There was nothing in my comments suggested that Kelly should buy a ''sled''. There was in my comments that should be construed that I thought the either of the two boats, and especially the better-maintained boa, was ''junk''. I am not even sure you can even say I "jumped in and trashed someone''s pride and joy". Kelly''s original post asked about relative pricing and ended with, "any input would be great!" I tried to give meaningful input about relative pricing by first restating how this boat would be viewed in the marketplace and then talking about the kind of price you would expect to see on a boat of that age and description. It seems to me that the only "bias showing again" is yours. You are welcome to your opinion, but if you are not going to read posts in the context that they are given, then perhaps Dennis, "Sometimes you should just keep it to yourself."

Jeff
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  #16  
Old 03-31-2002
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Thanks to everyone with your replies and your honesty. I like the Westerly because it is seemingly well built and yes more than likely slow. We have small kids and probably won''t want to be racing for awhile We would prefer the larger room the Westerly has to offer, and forfeit some of the performance. One other boat we are interested in is the Bayfield 25.
Since we are so new at this, are there other boats that fall into this catergory? ...roomy...ample headroom ( over 5''9" )...stable....27 feet and under.

Once again I appreciate everyone''s opinion and input!
Thanks,
Kelly
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Rick,
I hear ya''
Jeff,
I just re- read the post ...again, just to make sure. It was an attack. You wrote it that way and thats the way I perceived it. The way it was written.
Sometimes I do keep it to myself because I don''t want to offend other people needlessly.
The only bias I might have is against smaller to medium size light displacement performance boats but you won''t see me doing what you do sometimes. Other than that, I have no idea what bias you are talking about.
And Jeff, if you didn''t want to get into another debate with me, why did you follow that sentance with eighteen lines of post?

Dennis L.
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  #18  
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Westerly

Hi Kelly, Another boat that would meet your needs would be a Compac 27, quite a bit more expensive though. Bristol made a nice 27 and 30 footer too. Jeff H might be able to help with more recent designs. For your young family, you might want to consider something with a scoop stern for ease of boarding while swimming. I attached a small swim platform with a fold up 2 step ladder to the stern of my Centaur and it makes all the difference when swimming or boarding the dinghy......Rick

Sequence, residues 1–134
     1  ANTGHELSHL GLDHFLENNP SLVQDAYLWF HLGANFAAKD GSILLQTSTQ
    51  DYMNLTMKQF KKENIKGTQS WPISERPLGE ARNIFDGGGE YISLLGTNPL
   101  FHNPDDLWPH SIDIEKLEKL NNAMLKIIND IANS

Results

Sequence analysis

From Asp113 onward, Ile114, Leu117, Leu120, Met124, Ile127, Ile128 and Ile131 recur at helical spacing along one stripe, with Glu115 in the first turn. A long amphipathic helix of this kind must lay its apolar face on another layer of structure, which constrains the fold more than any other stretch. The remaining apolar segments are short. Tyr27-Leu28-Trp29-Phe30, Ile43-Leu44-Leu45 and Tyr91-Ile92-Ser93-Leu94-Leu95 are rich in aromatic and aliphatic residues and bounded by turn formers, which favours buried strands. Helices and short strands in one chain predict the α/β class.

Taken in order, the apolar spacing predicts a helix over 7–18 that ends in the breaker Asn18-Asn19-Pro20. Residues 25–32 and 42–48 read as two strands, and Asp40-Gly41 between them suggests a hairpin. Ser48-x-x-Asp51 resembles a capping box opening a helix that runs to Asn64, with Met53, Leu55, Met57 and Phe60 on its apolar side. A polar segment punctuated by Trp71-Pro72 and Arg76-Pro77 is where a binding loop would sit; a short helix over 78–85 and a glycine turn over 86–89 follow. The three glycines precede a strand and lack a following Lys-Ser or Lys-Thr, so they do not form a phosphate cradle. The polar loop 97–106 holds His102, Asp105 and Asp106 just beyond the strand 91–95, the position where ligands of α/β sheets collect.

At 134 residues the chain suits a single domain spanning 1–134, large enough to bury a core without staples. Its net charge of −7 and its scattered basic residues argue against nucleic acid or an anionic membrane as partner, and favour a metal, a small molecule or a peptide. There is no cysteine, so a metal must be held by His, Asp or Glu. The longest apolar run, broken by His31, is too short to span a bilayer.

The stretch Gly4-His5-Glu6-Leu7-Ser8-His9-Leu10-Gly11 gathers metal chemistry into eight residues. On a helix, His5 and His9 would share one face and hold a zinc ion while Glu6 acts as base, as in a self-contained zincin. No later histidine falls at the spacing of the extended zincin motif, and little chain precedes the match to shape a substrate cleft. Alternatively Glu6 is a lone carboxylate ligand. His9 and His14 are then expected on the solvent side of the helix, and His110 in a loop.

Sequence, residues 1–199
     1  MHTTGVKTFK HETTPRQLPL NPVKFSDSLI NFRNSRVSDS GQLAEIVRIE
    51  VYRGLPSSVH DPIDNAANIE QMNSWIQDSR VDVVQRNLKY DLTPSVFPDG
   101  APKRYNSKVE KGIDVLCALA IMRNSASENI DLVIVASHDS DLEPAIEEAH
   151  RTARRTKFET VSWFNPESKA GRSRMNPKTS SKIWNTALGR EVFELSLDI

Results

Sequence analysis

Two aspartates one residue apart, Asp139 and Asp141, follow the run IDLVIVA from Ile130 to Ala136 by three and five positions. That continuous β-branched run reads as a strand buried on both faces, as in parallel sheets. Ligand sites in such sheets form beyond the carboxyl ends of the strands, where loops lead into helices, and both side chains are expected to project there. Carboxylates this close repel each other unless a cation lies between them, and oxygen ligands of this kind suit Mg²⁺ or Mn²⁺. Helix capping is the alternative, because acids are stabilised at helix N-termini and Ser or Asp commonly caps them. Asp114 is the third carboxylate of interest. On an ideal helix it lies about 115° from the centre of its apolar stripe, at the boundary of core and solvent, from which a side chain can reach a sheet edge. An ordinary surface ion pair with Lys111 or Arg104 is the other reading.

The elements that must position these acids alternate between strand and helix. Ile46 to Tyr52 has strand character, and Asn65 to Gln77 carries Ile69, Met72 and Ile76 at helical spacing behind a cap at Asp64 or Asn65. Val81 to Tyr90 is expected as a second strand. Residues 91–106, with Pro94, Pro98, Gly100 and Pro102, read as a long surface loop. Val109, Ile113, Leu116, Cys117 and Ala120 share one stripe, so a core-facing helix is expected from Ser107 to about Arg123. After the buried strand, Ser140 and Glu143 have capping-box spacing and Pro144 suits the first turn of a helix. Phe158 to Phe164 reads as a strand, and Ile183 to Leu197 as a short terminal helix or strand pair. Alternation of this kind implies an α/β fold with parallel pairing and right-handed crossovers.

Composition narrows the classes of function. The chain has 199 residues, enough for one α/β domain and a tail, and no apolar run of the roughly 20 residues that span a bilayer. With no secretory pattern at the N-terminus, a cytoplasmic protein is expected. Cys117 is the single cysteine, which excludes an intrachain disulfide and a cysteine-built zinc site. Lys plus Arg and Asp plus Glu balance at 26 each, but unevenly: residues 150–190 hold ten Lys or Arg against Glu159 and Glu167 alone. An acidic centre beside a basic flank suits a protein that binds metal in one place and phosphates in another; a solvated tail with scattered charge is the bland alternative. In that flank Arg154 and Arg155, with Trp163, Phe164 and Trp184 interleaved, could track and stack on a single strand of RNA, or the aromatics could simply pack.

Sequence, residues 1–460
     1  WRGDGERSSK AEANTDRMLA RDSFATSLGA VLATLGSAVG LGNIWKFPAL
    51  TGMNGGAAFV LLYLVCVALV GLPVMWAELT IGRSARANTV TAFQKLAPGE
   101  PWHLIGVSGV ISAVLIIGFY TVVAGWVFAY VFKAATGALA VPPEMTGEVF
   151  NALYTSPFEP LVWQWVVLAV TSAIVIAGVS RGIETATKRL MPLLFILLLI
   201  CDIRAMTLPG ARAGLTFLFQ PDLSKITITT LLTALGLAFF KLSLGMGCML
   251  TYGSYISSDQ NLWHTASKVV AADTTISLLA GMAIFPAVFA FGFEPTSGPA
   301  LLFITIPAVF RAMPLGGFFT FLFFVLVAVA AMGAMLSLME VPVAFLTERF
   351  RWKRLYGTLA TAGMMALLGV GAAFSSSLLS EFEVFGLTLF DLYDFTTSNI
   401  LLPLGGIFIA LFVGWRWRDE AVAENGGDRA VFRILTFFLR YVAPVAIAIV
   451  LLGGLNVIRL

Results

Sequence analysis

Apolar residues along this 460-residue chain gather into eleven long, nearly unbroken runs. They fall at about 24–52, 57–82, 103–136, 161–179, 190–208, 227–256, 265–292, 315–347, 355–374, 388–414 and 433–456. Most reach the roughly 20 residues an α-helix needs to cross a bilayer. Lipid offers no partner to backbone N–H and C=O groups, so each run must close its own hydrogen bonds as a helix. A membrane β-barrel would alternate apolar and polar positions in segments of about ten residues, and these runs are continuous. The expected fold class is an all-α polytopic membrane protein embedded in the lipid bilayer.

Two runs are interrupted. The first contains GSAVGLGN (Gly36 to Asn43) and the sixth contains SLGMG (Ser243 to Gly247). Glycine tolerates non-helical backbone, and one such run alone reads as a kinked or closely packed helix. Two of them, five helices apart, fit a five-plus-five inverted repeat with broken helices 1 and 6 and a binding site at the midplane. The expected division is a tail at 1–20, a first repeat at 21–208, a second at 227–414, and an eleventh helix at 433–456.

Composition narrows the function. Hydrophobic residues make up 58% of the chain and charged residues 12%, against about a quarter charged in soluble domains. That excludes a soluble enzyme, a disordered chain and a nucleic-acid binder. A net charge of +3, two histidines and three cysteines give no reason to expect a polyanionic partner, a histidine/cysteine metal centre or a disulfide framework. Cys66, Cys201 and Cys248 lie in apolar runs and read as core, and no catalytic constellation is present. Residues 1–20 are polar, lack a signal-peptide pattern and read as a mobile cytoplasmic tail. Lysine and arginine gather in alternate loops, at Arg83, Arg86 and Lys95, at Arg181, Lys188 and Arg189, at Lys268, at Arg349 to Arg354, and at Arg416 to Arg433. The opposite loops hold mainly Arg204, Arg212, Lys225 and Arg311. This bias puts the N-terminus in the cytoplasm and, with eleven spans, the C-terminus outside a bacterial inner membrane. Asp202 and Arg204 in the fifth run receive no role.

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  #19  
Old 04-01-2002
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There are quite a few nice, traditional with good headroom 25 to 27 footers that should be available under $10K-12K and which should meet your goals. My favorite in this category would be the Tartan 27 which is a keel centerboarder. The short list might include: Longer keel boats with attached rudders like the Albin Vegas (27 feet), Bristol 27, Chris Craft Capri (26 feet), Pacific Dolphin (24), Pearson Ariel (26), Rhodes Ranger (26 feet, and not to be mistaken for a Ranger 26)

Or older fin keel boats like C&C 25, Cal 2-27, Chis Craft Pawnee (26 feet, I have never been below on the Pawnee so I am not sure about headroom), Contest 25 (which was the first boat that my family owned when I was 12 or so and my brother was 8 1/2), Ericson 27,

And more modern designs like the: C&C 24 & 26, Pearson 26, Paceship 26 (this is a real nice boat that was also sold as an AMF PS26), Northstar 26 (also called a Northstar Islander), Ranger 26, Tartan 26 (if you can find one with the cruising interior meaning with a Vee berth forward)

All of these are well rounded boats for their era. They offer a wide range of accomodations and speed but all offer good sailing characteristics and should be suitable for a first boat for a family of 4.

One minor point, I in no way meant to put down the Centaur. These are good boats for their era. My points were really directed at the issue of price relative to other boats from that era. There was a fin keel and bilge keel version of this boat. If you have a choice I would suggest that the fin keel version would have better performance and more stability. Back in the late 1960''s I taught sailing at a sailing school that used a 25 foot Westerly what I believe was probably the predecessor to the Centaur. We had both fin and bilge keel versions and the bilge keelers were inferior on all counts; motion comfort, leeway and pointing ability, and speed.

Good hunting,
Jeff
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  #20  
Old 04-01-2002
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In response. I actually like the older slower boats with full keel. I grew up with them and like how they feel. I also appreciate Jeff''s comments. He does not need me to defend him, I like the process of the discussions.